1st May 13Author: Jim Carroll, Chairman, BBH LondonThis is an edited version of a piece I wrote a while back for the APG. Reprinted with permission.It is a melancholy truth that the more expert I have become, the less my expertise is valued. I recognise that this may be because my dusty tales of Levi’s watchpockets,strategic chords and yin yangs lose a little of their lustre with every passing year. And I suspect I’m not pronouncing SXSW with convincing emphasis. But it may also be because Clients no longer come to me for expertise. Or at least not the expertise I imagined I had to offer.I had always thought that we Planners were akin to strategic doctors. We assessed the patients’ symptoms, we prescribed treatment, we arrived at prognoses. I imagined that sitting in four reviews a day, year after year, gave us a special authority on the anatomy of communication. I’m sure there was a time when my Clients nodded gratefully as we offered sage counsel. The blinding insight, the lyrical proposition, the Damascene conversion…There was, wasn’t there?… But modern Clients are more strategically and creatively confident than ever before. They have their own strategy departments, they’re closer to their own data, they work across more channels than most of us.They go on creative role reversal courses…I’m really not sure they come to us primarily to listen to our opinion. And I have to say sometimes nowadays it’s difficult getting a word in edgeways.It’s true, I have considered an alternative career as a bus conductor. And when the 25 year old Millward Brown consultant’s opinion carries more weight, I find myself yearning for a passing Routemaster. But advertising people are inherently positive. And so I reconsider…I am increasingly of the view that Clients don’t come to us for medicine; they come to us for therapy. And I suspect that our value resides, not as strategic doctors, but as strategic psychoanalysts.Often a successful modern Client engagement is not unlike a session of analysis. Clients begin with problems. They verbalise their thoughts, they make free associations, they express their fantasies and dreams. We listen, we interpret, we consider the unconscious conflicts that are causing their problems. We help them reach solutions through a process of self realisation.Freud, in addressing the unconscious, talked about the need to ‘unearth buried cities’. This doesn’t sound too alien to brand planning.I should at this point issue a health warning. I’m a Planner from Romford. Whilst I enjoyed Keira Knightley’s performance in A Dangerous Method, I can’t claim any japon porno particular knowledge of psychoanalysis . For me it’s just an illuminating analogy. Besides, if we were too literal about this, we’d never look a Client in the eye. And I suspect that’s a sure fire way to lose business…Let us nonetheless consider some of the basic principles that would derive from a psychoanalytic approach to Client engagement…Set out on a quest for meaning, not cure. The answers to most problems reside in the minds of the Client. We are enabling self knowledge,helping them to create their own narratives.Behave as a participant observer, not a detached expert. Analysis only works if we embark on it together, as willing equals.Embrace free association. Often we are too quick to impose order on our Clients’ challenges. Bear in mind that fantasies and dreams can illuminate unconscious conflicts.Remember, everything has meaning. Be attentive to behaviour,body language, choice of words and phrases.Look for meaningful patterns. Consider consistencies,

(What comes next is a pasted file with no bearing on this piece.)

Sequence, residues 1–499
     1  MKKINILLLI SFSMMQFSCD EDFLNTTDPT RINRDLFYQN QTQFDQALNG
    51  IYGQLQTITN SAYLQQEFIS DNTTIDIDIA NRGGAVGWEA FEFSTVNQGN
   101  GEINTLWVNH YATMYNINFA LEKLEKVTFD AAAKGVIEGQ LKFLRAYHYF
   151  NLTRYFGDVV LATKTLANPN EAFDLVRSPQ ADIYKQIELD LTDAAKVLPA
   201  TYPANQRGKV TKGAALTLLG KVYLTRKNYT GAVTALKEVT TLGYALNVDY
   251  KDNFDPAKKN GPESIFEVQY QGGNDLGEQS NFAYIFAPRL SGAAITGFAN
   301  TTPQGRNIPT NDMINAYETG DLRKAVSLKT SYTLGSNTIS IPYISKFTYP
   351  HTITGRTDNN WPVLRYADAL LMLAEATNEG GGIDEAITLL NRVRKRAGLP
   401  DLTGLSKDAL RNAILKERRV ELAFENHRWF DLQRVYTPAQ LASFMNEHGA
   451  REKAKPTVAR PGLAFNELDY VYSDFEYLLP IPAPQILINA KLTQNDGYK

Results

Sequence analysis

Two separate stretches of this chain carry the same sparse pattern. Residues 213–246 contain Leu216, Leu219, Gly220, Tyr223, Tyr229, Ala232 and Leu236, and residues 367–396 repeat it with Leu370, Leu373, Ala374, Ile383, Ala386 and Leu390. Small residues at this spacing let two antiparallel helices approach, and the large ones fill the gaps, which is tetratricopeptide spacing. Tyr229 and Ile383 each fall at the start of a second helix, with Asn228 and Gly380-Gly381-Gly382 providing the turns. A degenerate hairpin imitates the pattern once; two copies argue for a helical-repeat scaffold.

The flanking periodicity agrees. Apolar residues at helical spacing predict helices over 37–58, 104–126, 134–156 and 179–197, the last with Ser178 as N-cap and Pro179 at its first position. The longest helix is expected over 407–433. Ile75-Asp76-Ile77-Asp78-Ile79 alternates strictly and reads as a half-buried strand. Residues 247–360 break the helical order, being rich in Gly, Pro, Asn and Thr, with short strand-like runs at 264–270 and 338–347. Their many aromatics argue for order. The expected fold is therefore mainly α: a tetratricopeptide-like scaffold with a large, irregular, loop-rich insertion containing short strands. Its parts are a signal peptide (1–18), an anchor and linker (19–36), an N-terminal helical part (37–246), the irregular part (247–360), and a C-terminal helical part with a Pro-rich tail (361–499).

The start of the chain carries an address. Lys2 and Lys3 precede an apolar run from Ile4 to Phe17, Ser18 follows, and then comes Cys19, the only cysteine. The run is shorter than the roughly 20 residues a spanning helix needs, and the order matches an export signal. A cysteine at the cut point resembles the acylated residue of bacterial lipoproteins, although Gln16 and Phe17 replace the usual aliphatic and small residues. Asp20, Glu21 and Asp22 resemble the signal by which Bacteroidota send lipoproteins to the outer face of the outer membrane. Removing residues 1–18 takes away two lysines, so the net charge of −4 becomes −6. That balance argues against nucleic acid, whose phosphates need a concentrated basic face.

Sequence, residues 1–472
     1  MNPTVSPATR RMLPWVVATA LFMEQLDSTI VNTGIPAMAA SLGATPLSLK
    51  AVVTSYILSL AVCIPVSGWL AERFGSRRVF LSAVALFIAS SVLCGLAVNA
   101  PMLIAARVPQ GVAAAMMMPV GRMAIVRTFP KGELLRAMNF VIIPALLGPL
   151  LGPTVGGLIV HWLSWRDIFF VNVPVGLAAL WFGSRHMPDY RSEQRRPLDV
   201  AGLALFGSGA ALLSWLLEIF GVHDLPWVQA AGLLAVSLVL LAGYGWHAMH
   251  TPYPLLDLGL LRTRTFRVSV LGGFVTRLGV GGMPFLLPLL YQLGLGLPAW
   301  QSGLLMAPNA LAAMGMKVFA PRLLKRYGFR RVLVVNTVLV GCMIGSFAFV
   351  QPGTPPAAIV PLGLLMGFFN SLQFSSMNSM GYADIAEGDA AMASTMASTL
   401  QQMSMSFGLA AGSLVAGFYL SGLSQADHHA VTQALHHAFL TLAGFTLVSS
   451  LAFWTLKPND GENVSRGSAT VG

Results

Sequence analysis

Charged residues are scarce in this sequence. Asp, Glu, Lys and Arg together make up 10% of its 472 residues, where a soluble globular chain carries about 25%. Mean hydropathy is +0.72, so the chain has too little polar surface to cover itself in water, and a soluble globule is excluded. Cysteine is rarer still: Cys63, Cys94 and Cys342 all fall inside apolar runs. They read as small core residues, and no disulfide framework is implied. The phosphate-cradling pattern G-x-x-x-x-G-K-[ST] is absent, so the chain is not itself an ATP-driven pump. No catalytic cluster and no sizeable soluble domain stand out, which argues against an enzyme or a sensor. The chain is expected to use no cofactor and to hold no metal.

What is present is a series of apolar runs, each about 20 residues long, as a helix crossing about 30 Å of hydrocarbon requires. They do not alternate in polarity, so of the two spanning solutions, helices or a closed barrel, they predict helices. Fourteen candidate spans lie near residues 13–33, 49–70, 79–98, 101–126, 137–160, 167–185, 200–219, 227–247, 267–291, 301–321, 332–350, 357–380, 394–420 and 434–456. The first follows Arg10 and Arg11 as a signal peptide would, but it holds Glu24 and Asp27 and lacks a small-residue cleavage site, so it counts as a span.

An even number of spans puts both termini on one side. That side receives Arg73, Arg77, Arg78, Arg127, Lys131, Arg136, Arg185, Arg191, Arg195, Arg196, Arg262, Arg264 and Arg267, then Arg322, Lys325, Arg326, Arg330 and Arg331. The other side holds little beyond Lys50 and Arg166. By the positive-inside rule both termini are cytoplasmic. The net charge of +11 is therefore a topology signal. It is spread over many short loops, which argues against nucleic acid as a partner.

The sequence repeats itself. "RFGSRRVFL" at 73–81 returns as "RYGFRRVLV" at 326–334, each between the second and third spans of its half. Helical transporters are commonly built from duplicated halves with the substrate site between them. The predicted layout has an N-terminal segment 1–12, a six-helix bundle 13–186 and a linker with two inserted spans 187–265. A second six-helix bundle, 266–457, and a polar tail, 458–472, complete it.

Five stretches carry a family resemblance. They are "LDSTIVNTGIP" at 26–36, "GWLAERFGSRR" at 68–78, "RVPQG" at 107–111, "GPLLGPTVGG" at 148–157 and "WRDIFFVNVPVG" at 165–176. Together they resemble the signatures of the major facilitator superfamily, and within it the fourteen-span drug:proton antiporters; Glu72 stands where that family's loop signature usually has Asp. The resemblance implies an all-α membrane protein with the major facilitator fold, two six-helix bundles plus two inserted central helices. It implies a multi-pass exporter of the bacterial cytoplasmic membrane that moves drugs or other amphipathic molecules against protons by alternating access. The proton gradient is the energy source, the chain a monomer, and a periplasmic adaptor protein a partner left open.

symmetries,repetition. Probe for the meaning within the pattern.Our time is up..I used to believe there was only one correct answer to every problem. Now I believe there are many correct answers. The challenge is to establish the correct answer that best suits the Client’s character and personality. Anais Nin famously once said: ‘We don’t see things as they are, we see them as we are’. I’m sure this maxim applies as much to strategy as it does to creative.